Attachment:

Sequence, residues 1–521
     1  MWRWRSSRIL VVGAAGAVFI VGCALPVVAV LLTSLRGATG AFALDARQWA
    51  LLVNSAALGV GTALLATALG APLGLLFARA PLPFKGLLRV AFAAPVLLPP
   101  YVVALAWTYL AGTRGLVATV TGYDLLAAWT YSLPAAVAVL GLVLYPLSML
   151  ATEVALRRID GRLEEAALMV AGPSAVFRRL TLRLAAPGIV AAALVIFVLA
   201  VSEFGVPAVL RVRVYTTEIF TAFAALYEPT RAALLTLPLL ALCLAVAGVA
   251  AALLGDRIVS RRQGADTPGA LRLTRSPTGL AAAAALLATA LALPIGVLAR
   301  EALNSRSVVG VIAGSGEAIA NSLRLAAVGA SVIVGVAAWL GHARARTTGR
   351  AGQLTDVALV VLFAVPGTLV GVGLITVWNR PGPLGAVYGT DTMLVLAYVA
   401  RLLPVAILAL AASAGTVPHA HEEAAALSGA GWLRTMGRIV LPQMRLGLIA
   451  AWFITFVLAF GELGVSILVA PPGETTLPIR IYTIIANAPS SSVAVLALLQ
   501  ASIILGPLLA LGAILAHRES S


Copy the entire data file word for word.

Sequence, residues 1–521
     1  MWRWRSSRIL VVGAAGAVFI VGCALPVVAV LLTSLRGATG AFALDARQWA
    51  LLVNSAALGV GTALLATALG APLGLLFARA PLPFKGLLRV AFAAPVLLPP
   101  YVVALAWTYL AGTRGLVATV TGYDLLAAWT YSLPAAVAVL GLVLYPLSML
   151  ATEVALRRID GRLEEAALMV AGPSAVFRRL TLRLAAPGIV AAALVIFVLA
   201  VSEFGVPAVL RVRVYTTEIF TAFAALYEPT RAALLTLPLL ALCLAVAGVA
   251  AALLGDRIVS RRQGADTPGA LRLTRSPTGL AAAAALLATA LALPIGVLAR
   301  EALNSRSVVG VIAGSGEAIA NSLRLAAVGA SVIVGVAAWL GHARARTTGR
   351  AGQLTDVALV VLFAVPGTLV GVGLITVWNR PGPLGAVYGT DTMLVLAYVA
   401  RLLPVAILAL AASAGTVPHA HEEAAALSGA GWLRTMGRIV LPQMRLGLIA
   451  AWFITFVLAF GELGVSILVA PPGETTLPIR IYTIIANAPS SSVAVLALLQ
   501  ASIILGPLLA LGAILAHRES S